I have a theory about cookbooks, that publishers deliberately insert mistakes into the copy in order to give themselves ammunition in the battle against counterfeiters. Sir! I accuse you of ripping off my recipe for apple strudel! Only an imbecile would have followed my directions and used gravel in place of lemon zest! Your honour, I rest my case! And so on.

A perfect example is the case of Antony Bourdain’s recipe for clafoutis, in which temperature and oven-time directions are suggested that would make a pyromaniac blanch. More evidence for this theory can be found on page 455 of Hugh Fearnley’s Mammoth Meat Manual, in which our hippy-headed hero claims that 250 grams of minced pork is sufficient when constructing a sweetbread terrine. 250g? Not in my loaf tin, that’s for certain.

Anyway, let’s go back to the beginning. What is a sweetbread? Although it sounds like a delicious treat for children, some kind of wondrous, sugary bun, in reality it’s entirely made of meat, the kind of meat you get on the inside of animals. There are two kinds of sweetbreads, the thymus gland – whose primary function is the production of cells used by the immune system to battle infection – and the pancreas, which secretes the various enzymes that allow the body to break down digestible foods. The precise location of the pancreas is demonstrated by our model below.

The pancreas I managed to procure came not from a female human, sadly, but from a Dutch calf, courtesy once again of the artisan butchers at Kent & Sons, St John’s Wood. Fully aware that these kinds of innards are of a highly perishable nature, I rushed home to examine my freshly-slaughtered bounty. As you can see from the picture below, it’s not nearly as yellow as suggested by the diagram above.

First up, the pancreas is soaked overnight. This removes any traces of blood from the tissue, leaving our mucilaginous friend all pristine and ready for action.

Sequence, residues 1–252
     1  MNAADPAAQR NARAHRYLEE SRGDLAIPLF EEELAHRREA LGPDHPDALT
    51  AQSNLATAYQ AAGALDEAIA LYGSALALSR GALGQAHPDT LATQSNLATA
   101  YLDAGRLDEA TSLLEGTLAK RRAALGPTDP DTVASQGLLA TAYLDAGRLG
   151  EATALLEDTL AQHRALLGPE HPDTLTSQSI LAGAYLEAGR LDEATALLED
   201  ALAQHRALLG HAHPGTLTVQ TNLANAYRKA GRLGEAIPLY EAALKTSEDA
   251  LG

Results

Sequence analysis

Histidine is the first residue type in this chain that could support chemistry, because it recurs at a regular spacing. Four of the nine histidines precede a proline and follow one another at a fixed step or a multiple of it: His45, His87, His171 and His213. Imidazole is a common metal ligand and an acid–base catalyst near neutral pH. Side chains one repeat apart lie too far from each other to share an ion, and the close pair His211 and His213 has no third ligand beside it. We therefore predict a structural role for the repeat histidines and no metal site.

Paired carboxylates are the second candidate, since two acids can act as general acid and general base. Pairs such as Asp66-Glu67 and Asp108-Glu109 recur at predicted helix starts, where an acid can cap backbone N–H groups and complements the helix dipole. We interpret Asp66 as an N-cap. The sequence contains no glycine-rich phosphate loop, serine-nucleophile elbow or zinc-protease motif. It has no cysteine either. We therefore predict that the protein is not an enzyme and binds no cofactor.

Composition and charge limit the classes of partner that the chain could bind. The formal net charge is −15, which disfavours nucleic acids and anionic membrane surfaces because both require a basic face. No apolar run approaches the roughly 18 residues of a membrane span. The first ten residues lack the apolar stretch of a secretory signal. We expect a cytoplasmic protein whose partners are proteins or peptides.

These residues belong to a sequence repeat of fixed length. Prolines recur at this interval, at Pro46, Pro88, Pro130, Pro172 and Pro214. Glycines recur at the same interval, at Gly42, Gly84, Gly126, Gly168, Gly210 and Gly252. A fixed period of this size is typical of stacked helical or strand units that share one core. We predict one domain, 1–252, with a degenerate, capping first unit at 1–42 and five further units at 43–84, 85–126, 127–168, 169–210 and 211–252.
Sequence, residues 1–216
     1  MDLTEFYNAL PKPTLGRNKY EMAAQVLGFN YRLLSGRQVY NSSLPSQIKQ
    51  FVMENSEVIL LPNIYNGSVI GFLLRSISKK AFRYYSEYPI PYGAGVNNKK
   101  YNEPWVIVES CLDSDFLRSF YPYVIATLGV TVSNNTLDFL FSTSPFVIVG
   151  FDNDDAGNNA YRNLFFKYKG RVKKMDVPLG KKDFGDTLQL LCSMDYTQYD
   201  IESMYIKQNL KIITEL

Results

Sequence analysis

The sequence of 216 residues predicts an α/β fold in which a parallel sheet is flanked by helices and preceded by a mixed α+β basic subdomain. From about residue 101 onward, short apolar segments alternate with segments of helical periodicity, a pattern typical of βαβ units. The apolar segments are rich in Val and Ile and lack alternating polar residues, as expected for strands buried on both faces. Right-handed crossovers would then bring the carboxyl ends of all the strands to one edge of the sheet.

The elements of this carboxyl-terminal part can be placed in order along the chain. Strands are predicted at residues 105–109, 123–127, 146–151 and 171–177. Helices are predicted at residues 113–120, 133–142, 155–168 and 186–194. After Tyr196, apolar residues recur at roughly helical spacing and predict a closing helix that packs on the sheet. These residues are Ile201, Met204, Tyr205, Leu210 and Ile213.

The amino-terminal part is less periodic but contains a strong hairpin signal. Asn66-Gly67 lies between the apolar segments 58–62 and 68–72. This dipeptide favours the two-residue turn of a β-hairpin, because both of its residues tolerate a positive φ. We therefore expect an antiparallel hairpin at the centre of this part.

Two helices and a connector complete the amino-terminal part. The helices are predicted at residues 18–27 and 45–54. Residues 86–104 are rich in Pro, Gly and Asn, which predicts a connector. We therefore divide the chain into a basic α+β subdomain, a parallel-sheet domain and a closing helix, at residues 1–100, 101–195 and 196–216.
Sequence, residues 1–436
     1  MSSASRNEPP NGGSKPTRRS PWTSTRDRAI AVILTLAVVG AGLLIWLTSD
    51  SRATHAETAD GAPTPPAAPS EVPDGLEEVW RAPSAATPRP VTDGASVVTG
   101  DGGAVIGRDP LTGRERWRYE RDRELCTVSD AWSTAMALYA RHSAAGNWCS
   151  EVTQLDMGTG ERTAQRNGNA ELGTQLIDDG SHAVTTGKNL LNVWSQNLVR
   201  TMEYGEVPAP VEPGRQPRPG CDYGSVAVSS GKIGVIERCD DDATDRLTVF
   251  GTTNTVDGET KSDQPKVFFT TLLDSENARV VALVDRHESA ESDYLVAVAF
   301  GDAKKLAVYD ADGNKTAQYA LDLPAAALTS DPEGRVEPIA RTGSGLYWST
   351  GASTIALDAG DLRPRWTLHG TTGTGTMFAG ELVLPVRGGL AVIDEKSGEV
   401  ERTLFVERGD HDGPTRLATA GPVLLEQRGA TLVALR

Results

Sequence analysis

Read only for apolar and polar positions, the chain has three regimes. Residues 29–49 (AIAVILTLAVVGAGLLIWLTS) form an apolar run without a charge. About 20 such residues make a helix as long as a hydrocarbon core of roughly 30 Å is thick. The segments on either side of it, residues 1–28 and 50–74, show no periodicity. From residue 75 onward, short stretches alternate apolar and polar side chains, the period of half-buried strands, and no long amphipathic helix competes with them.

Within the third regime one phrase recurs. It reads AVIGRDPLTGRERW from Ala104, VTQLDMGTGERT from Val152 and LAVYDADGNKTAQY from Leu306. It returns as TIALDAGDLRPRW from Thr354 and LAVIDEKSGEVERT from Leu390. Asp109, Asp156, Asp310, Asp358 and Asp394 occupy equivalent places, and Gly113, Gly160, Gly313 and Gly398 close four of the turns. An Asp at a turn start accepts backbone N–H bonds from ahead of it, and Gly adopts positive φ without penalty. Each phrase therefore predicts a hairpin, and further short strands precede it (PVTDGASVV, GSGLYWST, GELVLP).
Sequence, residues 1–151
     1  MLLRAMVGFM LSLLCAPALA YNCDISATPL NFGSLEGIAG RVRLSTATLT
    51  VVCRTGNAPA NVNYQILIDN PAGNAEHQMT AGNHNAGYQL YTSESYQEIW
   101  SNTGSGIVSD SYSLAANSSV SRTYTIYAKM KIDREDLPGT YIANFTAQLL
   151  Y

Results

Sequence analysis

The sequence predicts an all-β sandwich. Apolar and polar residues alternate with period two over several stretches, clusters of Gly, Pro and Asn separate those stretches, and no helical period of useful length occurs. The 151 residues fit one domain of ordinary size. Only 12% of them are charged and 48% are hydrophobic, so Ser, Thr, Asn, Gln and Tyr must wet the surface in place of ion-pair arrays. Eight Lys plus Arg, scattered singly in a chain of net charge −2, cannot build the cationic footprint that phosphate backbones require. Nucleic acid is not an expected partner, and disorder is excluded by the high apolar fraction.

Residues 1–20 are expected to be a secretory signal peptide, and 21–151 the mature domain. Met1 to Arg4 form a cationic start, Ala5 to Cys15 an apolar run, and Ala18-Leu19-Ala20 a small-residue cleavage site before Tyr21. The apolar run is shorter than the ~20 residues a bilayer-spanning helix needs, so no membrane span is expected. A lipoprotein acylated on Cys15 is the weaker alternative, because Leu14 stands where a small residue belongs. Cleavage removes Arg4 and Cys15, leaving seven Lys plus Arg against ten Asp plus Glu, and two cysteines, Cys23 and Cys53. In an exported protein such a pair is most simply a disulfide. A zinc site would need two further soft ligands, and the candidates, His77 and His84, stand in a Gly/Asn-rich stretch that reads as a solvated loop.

Next, we simmer the pancreas in boiling water for five minutes, which tightens up the flesh and makes the next part of the procedure easier: once the meat has cooled, any cartilage, connective tubes and tougher pieces of membrane are carefully picked off, leaving behind only the finest, most delectable tissue.

And this is where I think Hugh gets it wrong. Lining my rather lovely Le Creuset Silicone Cook ‘n Bake 24cm Rectangular Loaf Mould (bought for me last Christmas by Blogjam reader Alex in America – and don’t forget, kids, I do have a Wishlist) – with slices of streaky bacon and a layer of pork spiced with sage, thyme, salt, pepper and port, I carefully lay the first sweetbread layer down.

If I had taken Hugh’s recommendation to use 250g of minced pork seriously, I’d be struggling right now. In fact, I’d have virtually none of this so-called “forcemeat” left to complete the next layer. Thankfully, however, I’d decided in advance that such a paltry amount wouldn’t be sufficient, and prepared 750g of the stuff. And guess what? It turned out to be precisely the right amount. I swear, someone should give me a cottage and some cows.

After ninety minutes in the oven and a night in the fridge (carefully weighed down by a house brick wrapped in silver foil), my terrine is ready to be turned out. Here’s an aerial photograph:

I cut a slice and serve it up with a spoonful of Mrs Bridges spicy apple chutney. Hugh recommends his broad bean puree but, to be honest, I fear it’s a little bland. Stick to the meat recipes, HFW, that’s what I reckon.

And the taste? Well, it was exquisite; a saliva-inducing symphony of succulence, a tapestry of taste, as it were. And so I took it to work, to share amongst my friends and colleagues.

But virtually no-one wanted any.


  1. Looks divine.

    Perhaps Master Hugh’s recipe only works if you raise all the animals for the meat yourself? Certainly 250g of pork from his pigs is worth 750g from any other mere pig .;-}

    Your terine looks nice and moist at any rate. Now I know what to do with my silicone molds–looks like your pancreas model knew what to do with silicone as well. . . . However, I may just have to hold out for the animals, river and farm, as well as a Le Creuset Cast Iron Terine mould.

  2. Mmmmm. Looks bloody georgous.. I’ll have some.

  3. Too bad you don’t wrk where I work then. I would have been all over that.

  4. I’ll admit here to being a wimp when it comes to offal. My reaction was: bleurgh!

    Also, as far as I know, there is no copyright on recipes.

  5. What do you do for a job ? It ought to be cheffing. That looks really great, well done matey.

  6. Thanks, Mr YS. Coming from a professional like yourself, that’s high praise indeed.

    I write content for value-added mobile services for a living (whatever that means), but I have no desire to switch careers at the moment. Chefs are absolute heroes in my eyes, and I’m not sure I could stand the heat.